(16) CHAPTER 1: INTRODUCTION. In the age of the Anthropocene, biodiversity loss is occurring at an unprecedented rate (Dirzo et al. 2014; Ceballos et al. 2015). Habitat loss, disease, climate change and invasive species are primary drivers of a global extinction crisis (Sala et al. 2000; Millennium ecosystem assessment 2005), underwritten by interacting effects of human population growth and industrialisation (Wittemyer et al. 2008). There is mounting evidence that continued species loss will negatively impact ecosystem functioning and processes, such as pollination and nutrient cycling, upon which sustainable human life depends (Hooper et al. 2012). From philosophical and anthropocentric perspectives, society therefore has a duty to minimise the biodiversity impacts of its actions (Sala et al. 2000). Highly mobile species are amongst the most susceptible to population decline, particularly as a consequence of habitat loss (Runge et al. 2014). Whether they be migratory, irruptive, nomadic or semi-nomadic, mobile species depend on a spatially discrete network of habitats that they occupy at different times across seasons and years (Runge et al. 2014). If critical habitat components, such as migratory bottlenecks, staging posts or breeding sites are lost or degraded, population growth rates of mobile species can be disproportionately impacted (Runge et al. 2014). Whilst habitat loss is the declining population paradigm for most mobile species (Caughley 1994), it can trigger additional, interacting effects that magnify negative population growth (Berec et al. 2007; Sala et al. 2000). For example, mobile species may be less competitive than resident, generalist, invasive or larger-bodied species that gain competitive priority to limiting resources (Connell 1983; Mac Nally et al. 2012). Inverse density-dependent effects of small population size, known as Allee effects, can also drive population decline (Stephens and Sutherland, 1999). Survival or reproduction may decrease in small or sparse populations through less efficient movement (Simons 2004), increased predation (Gascoigne & Lipcius, 2004), foraging inefficiency (Grünbaum & Veit 2003), or suboptimal habitat selection (Schmidt, Johansson, and Betts 2015). In small or sparse populations, individuals may struggle to locate mates (Gascoigne et al. 2009; Gilroy & Lockwood 2012), particularly if population decline leads to sex ratio bias (Donald 2007). Genetic impacts of small effective population size can compromise population persistence and future recovery (Frankham 2005). For species with life-history traits that may predispose their populations to decline and associated feedbacks, preventing extinction may be extremely challenging once the population size or growth rate crosses below a critical threshold (Berec et al. 2007).. 16.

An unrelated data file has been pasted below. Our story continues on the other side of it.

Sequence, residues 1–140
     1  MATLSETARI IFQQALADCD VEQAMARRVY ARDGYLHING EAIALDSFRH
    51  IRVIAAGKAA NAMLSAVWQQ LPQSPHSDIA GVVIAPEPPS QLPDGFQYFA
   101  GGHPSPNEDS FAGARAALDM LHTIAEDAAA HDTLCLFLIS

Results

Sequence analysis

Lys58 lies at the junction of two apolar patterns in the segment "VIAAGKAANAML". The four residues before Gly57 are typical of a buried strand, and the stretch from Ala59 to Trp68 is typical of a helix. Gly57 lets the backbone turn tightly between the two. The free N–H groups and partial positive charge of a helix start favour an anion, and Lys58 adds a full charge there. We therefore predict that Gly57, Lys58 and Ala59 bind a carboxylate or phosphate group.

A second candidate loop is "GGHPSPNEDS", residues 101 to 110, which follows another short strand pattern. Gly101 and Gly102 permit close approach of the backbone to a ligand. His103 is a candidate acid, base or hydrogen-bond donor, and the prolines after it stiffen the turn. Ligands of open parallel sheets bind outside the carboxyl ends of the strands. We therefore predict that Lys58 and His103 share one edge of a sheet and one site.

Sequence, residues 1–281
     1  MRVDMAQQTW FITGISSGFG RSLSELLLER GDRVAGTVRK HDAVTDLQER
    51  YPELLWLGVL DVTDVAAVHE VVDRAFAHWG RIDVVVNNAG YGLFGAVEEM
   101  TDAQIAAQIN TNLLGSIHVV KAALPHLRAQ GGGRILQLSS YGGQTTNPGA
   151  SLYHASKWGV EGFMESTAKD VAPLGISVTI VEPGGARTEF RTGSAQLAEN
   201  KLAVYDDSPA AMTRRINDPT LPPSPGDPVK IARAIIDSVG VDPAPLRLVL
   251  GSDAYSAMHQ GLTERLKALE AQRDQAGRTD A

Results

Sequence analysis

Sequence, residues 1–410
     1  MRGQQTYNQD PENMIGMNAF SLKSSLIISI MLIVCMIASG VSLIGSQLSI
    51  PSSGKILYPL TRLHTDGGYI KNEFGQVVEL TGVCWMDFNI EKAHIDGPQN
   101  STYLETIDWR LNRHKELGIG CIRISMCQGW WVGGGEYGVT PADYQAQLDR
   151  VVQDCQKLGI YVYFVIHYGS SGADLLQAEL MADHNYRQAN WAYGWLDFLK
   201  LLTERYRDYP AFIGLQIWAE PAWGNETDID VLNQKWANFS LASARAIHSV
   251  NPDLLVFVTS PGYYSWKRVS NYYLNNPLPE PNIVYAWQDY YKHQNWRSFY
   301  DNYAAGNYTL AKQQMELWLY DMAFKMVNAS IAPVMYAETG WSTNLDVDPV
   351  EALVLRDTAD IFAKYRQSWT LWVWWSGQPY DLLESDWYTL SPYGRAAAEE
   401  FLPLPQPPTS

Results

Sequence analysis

(17) To prevent extinction of the most vulnerable species, a thorough knowledge of their ecology is critical (Cottee-Jones et al. 2015). Robust ecological knowledge of habitat requirements, movement patterns, dynamic distributions, population parameters and novel threats can inform cost-effective conservation actions that are targeted in space and time (Heinsohn et al. 2015; Stojanovic et al. 2014; Webb et al. 2014). This information is disproportionately lacking for mobile species, meaning they are currently under-conserved globally (Cottee-Jones et al. 2015). Developing effective sampling regimes is a prerequisite for obtaining ecological knowledge to conserve rare and mobile species (Mackenzie et al. 2005). Whilst advanced modelling approaches can inform community-level conservation at macro-ecological scales (Martin et al. 2007; Runge et al. 2016), their capacity to inform urgent, targeted conservation action for rare species, whose threats may be complex or species-specific (Stojanovic et al. 2014, 2018), is limited. Similarly, traditional field survey techniques for sampling whole communities invariably fail to deliver sufficient data for the most threatened species (Rayner et al. 2014). Novel tracking techniques are revolutionising population monitoring, but are expensive (Hewson et al. 2016; Jønsson et al. 2016). Small sample sizes limit capacity to infer population-level processes of small (< 50 g), rare and mobile species from tracking data. Consequently, monitoring rare and mobile species requires a targeted, extensive field sampling regime that accounts for their irregular settlement patterns, low occupancy rates and specific habitat requirements (Webb et al. 2014, 2017). Collecting standardised, spatially-extensive presence / absence data and associated habitat covariates is critical for robust analysis of population trends, explaining dynamic distributions and predicting where mobile species may occur in future (MacKenzie et al. 2005; Webb et al. 2017). Yet, locating rare and mobile species is just one component of a robust monitoring program. Follow-up searches to monitor breeding activity can provide key reproductive data, including sex ratio estimates, breeding participation, breeding success, productivity and the causes of breeding failure (Sutherland et al. 2002; Schmidt et al. 2008; Stojanovic et al. 2014). Over time, monitoring can also identify spatio-temporal variation in these key breeding parameters (Paradis et al. 2000). Together, this information can enable modelling of population trajectories (Heinsohn et al. 2015), identify limits to population recovery (Wedekind 2002) and inform how, where and when intervention measures could have the greatest conservation benefit (McDonald-Madden et al. 2010). Although a critical means of maximising the cost-benefit of targeted conservation actions, fieldbased monitoring regimes for rare and mobile species are inherently expensive (McDonald17.